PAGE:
Probably even better, is to examine the approach of homosexuals. Instead of getting angry at terms considered pejorative, and thus making themselves VULNERABLE to insult, they have claimed the terms as their own. Quick–a word association test --what is the first thing you think of when you hear the word "gay"? I would be very surprised if you didn’t say "pride." And what about "queer?" The word has been enthusiastically claimed in slogans such as "We’re queer! We’re here! Get used to it!"

Well, I’ll leave it up to you. What is the best way of dealing with insults to those with irremediable conditions? Are queers smarter than niggers? How about a comparable mantra: "I’m a nigger, I’m a nigger–I'm way cooler than you figure?"



Schizophrenia in the RCMP             (January 9. 2011)

Now that we have become used to inappropriately lethal tasering and unwarranted face-kicking by the RCMP, it appears that the dreaded Mountius Mentalis Contradictus, or Security Force Schizophrenia is beginning to pose additional problems. We quote two paragraphs from a news item in the January 7th edition of the National Post:

"On Aug. 25, the RCMP and Ottawa Police arrested two Ottawa men–Hiva Mohammed Alizadeh, Misbahuddin Ahmed–suspected of conspiring with others in Afghanistan and Pakistan to commit terrorism....

The next day, Aug. 26, the RCMP and city police staged an hour-long meeting with members of Ottawa’s Muslim community with the ostensible purpose of ensuring that their community was not regarded with undue suspicion despite the arrests. However, at least one officer was heard apologizing during the meeting for the arrests having occurred during Ramadan, which last year ran from Aug. 12 to September 9."

We anticipate the following item from Forward News:


Ottawa, Ontario. Special to Forward News. At a news conference held earlier today, Chief Superintendent Iman Idjit, announced a new RCMP initiative with respect to world religious groups. "After an extensive investigation of the twenty-two major religions, including Zoroastrianism and Rastafarianism, and a lesser survey of more than four thousand minor faiths including Taoism and Druidism, we have concluded that it is no longer possible to hold conciliatory meetings with religious communities who might take offence at the arrests of those claiming particular religious affiliations.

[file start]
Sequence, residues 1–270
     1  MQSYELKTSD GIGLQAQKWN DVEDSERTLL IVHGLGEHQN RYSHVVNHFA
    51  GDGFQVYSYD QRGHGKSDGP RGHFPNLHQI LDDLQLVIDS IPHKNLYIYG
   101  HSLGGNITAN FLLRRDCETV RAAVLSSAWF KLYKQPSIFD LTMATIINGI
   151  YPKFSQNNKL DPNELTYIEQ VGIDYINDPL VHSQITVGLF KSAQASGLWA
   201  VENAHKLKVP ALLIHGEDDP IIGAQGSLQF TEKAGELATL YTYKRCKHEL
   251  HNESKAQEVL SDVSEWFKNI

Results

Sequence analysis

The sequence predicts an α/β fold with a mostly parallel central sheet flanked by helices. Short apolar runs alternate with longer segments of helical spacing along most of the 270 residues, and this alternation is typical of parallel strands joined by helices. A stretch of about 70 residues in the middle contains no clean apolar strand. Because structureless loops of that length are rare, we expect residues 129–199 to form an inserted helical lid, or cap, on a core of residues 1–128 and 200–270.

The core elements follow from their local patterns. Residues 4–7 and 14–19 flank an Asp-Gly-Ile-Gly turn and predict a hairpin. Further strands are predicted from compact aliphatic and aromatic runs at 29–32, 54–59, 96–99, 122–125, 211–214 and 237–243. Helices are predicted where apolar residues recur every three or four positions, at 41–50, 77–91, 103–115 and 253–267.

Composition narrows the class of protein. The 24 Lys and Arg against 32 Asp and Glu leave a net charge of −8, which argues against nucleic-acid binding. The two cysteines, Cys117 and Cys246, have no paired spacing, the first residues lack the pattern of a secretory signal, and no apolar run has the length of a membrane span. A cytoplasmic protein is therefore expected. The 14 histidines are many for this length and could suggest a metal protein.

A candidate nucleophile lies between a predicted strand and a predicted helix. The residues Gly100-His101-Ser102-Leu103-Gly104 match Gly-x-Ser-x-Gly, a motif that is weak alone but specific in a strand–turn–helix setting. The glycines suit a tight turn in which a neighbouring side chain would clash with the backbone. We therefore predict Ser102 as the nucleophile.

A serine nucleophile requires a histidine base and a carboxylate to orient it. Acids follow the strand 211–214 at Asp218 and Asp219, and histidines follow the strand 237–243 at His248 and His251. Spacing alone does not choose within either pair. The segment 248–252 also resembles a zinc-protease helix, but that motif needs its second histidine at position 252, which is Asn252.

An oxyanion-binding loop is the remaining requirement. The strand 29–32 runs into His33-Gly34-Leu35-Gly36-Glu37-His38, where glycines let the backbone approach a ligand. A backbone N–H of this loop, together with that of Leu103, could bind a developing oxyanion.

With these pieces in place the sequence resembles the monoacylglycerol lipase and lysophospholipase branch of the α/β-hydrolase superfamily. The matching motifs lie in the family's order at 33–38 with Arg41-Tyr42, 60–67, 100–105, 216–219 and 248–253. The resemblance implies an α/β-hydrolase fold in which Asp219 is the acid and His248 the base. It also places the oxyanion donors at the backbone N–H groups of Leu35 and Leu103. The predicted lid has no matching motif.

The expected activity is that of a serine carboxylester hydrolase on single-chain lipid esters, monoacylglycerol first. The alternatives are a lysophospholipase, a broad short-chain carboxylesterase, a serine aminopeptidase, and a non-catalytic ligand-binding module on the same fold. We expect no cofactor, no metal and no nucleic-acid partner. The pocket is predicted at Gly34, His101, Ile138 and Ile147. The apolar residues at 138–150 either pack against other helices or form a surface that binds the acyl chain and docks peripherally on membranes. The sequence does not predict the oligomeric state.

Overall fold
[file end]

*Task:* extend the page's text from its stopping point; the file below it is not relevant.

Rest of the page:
Consequently, from this day forth, the RCMP will make arrests only on June 5th, and October 7th in regular years, and additionally on February 29 in leap years. It is only in this way that we can avoid arrests on days of religious holiday, celebration, and observance. We anticipate full co-operation from the religious faiths involved in forbidding their members to contravene any Canadian Laws, excepting on those days.

On June 5th, October 7th, and February 29th in Leap Years, the public may be well-assured that the RCMP will deploy an increased number of personnel, including equine (rear end), electronic zapper, and face-boot divisions, and will prosecute law-breakers of any religious affiliation without fear or favour.

It is anticipated that these measures will be applauded by Human Rights Commissions and Progressive Liberal Canadians from sea to conciliatory sea."

Following the announcement, Chief Superintendent Idjit declined to take questions, noting that the Druidical Holiday of Mystical Sunset was fast approaching, and an Explanatory Press Conference would be considered intrusive and defamatory by the significant Druidical community.

    Search Me               (January 7, 2011)


The cause of mankind might be considerably advanced, were the word "God" (or Allah, Jehovah, etc.) which has been so strongly personified, be replaced with the more neutral term Mystery. Thus, God–a  handy, unthinking term for first cause--a straw man on a stick dressed convincingly in long robes-- the easy, but meaningless answer (but who made the scarecrow, daddy?) to the grand question: where does the universe come from–is better expressed as-- Mystery.

The creation of the universe--well it's a Mystery.


And how much less compelling it is to argue: The Mystery abhors condoms, denigrates women, approves of torture to compel belief, or is in favour of killing the infidel? How would we know? It’s a Mystery.

Hmm. Perhaps Unfathomable Mystery would be even better. Absolute Mystery, Complete Mystery, and Utter Mystery are also good.

Absolute, Unfathomable, Complete and Utter Mystery: "Go forth and do my bidding."

Humankind: Excuse us! Do we know you?